By Scott McLennan
T he 2014 MTA Higher Education Conference brought together about 180 faculty members, staff and administrators from across the state
for discussions on key issues and a wide range of
Topics ranged from the difficulties faced by
adjunct faculty members to the implications of
student outcome assessments.
The two-day gathering was held at the Westin
hotel in Waltham.
The conference, MTA’s first since 2011
dedicated specifically to the concerns of higher
education members, opened on April 11 with
a question-and-answer session featuring MTA
President Paul Toner and Vice President Tim
“Behind all of the issues raised here is the
single-minded goal of creating colleges and
universities where faculty and staff are fully
supported and students are given the opportunity to
thrive,” Toner said during the exchange.
Toner touched on pending pay increases
and improvements in working conditions for
community college adjunct faculty members who
are working under a tentative agreement that has
been overwhelmingly ratified by the Massachusetts
Community College Council.
More work still needs to be done, he said, to
secure health insurance and retirement benefits for
The prevalence of adjunct faculty on higher
education campuses generated many of the comments
and questions during plenary sessions. Faculty and
staff raised practical issues — such as the low pay and
lack of benefits that make adjunct jobs economically
unsustainable — as well as broader policy issues,
including the impact of staffing patterns on students
when most of their education is delivered by
instructors who are not on campus full time.
Many other MTA higher education units are
just beginning to negotiate new contracts, and the
conference gave bargaining leaders a chance to
discuss what they have been seeing at the table.
Addressing another subject, Toner highlighted
a successful campaign at UMass Amherst to address
workplace bullying. He also made note of organizing
drives for new members on the UMass campuses in
Amherst and Boston.
Sullivan recounted a swift and successful
lobbying effort in March by members to preserve
their health insurance options when one carrier,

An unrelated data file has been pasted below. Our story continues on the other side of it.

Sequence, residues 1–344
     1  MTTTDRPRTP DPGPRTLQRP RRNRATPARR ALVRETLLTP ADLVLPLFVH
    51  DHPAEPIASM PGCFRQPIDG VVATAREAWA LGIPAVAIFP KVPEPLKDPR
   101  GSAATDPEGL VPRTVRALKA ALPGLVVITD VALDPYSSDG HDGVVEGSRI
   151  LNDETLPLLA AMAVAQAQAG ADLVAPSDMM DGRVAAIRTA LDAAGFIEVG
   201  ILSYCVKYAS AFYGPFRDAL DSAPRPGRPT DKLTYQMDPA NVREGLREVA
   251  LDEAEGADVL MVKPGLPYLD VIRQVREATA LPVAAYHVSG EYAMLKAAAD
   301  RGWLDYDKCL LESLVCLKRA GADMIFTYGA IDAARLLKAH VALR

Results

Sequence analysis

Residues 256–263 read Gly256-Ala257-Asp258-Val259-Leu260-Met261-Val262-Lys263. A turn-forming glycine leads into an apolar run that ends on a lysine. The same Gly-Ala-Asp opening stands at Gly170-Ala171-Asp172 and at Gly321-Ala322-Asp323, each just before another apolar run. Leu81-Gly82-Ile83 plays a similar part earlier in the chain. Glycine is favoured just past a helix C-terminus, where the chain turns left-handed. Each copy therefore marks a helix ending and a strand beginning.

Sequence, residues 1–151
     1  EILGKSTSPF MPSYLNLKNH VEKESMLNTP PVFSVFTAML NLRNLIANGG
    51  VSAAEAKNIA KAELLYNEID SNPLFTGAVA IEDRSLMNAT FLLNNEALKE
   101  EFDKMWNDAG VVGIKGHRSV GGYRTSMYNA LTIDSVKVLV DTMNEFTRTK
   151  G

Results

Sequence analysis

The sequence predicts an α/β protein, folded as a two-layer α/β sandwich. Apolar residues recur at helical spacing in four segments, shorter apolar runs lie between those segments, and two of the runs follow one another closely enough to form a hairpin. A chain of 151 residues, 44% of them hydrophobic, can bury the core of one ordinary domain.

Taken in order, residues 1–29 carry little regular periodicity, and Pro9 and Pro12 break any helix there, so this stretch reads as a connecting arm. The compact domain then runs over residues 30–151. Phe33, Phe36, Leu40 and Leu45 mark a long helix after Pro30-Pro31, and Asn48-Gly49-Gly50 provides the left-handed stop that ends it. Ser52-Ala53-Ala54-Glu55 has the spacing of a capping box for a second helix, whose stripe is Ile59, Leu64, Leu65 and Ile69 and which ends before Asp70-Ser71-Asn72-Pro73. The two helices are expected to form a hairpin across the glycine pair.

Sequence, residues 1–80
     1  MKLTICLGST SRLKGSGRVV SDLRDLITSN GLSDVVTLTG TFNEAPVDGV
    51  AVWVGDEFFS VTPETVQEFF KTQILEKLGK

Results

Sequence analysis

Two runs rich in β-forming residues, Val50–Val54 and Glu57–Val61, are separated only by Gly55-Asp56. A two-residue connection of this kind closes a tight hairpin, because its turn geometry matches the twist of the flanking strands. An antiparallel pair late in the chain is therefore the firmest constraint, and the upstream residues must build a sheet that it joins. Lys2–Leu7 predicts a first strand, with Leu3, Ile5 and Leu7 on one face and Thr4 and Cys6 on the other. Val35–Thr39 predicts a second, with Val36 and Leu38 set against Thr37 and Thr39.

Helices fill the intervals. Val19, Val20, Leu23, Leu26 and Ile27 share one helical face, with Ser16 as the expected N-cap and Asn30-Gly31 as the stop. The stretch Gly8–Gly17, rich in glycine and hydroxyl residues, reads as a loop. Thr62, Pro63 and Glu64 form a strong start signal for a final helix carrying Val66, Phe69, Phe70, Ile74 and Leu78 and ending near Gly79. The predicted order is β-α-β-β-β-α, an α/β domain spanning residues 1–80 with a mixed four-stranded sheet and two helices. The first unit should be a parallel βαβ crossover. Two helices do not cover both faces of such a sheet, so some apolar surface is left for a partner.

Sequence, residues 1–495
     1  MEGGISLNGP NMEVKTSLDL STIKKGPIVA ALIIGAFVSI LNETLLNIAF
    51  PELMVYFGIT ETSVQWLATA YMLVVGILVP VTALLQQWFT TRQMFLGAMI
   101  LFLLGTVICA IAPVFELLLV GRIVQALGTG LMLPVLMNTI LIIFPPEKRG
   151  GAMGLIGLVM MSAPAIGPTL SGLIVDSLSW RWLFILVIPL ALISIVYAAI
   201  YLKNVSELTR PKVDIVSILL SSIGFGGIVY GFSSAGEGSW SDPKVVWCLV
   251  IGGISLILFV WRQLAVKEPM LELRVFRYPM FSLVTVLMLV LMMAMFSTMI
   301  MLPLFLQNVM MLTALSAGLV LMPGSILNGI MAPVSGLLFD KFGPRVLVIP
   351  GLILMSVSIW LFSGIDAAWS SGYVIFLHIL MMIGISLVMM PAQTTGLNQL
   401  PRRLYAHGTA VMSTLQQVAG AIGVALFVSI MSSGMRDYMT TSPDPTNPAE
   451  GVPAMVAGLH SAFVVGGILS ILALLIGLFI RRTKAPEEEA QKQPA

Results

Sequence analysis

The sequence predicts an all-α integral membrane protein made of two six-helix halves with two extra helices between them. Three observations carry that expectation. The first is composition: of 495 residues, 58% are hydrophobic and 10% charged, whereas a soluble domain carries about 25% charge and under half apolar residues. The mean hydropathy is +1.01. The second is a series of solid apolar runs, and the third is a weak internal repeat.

Fallon Health Care, announced it would drop the
popular Fallon Select Care HMO plan. He said
successes such as the “call for action” directed at
Fallon underscore the value of union membership.
On Saturday, Massachusetts Commissioner of
Higher Education Richard Freeland and members of
his staff answered educators’ questions.
In both prepared remarks and in response to
inquiries, Freeland emphasized that the state needs
to significantly increase appropriations for higher
education. Even with a rise in state spending on
higher education last year and proposals for an
additional funding boost in fiscal 2015, Freeland
pointed out, Massachusetts would still need to pour
$300 million more into its colleges and universities
for the Commonwealth to be ranked among the top
10 states in terms of funding.
Current spending levels in Massachusetts are
still far below peak years. The shortfall has an
impact on everything from rising student debt to
the state’s overreliance on lower-paid contingent
faculty, Freeland said. He said, however, that there
is hope for improvement. “There is traction for our
message that there is a need for quality public higher
education,” he said.
“Your advocacy and the economy have
helped increase interest in public education,”
Freeland continued. He pointed to the need for a
well-educated and well-trained workforce and an
affordable means for Massachusetts residents to
obtain postsecondary degrees and certificates.
Student outcome assessments were also linked
to funding. Many educators voiced concern about
what a fair assessment system would look like, given
the wide variety of backgrounds and aspirations
among students attending public colleges and
While members of the Department of Higher
Education said that the state has no plans to
formulate a standardized test for student achievement
at the college level, they cited a need to determine
how students are faring.
“The reality is that money flows to quality, not
to need, and we need to demonstrate that we are
successful if we hope to receive the funding we
need,” Freeland said.
He said that because federal measures of success
— centered on graduation rates and student loan
default rates — are not adequate, Massachusetts
should develop assessment measures of its own. In
that context, he defended the open-admissions policy
of community colleges.
Other participants expressed concerns about
privatizing services on public campuses, especially
as the DHE looks at maximizing cost efficiency
across the system.
The second day of the conference also featured
several workshops. MTA leaders and staff presented
seminars on legislative issues, collaborative
bargaining, online topics such as social media, and
retirement planning. Education and finance experts
were on hand to lead discussions on the Affordable
Care Act, higher education funding trends and
student assessment initiatives.
Members of negotiating
teams from several higher
above, attended a workshop
on collaborative bargaining.
At left, Massachusetts
Commissioner of Higher
Freeland, left, spent a few
minutes talking to C.J.
O’Donnell, president of the
Massachusetts State College
Photos by Scott McLennan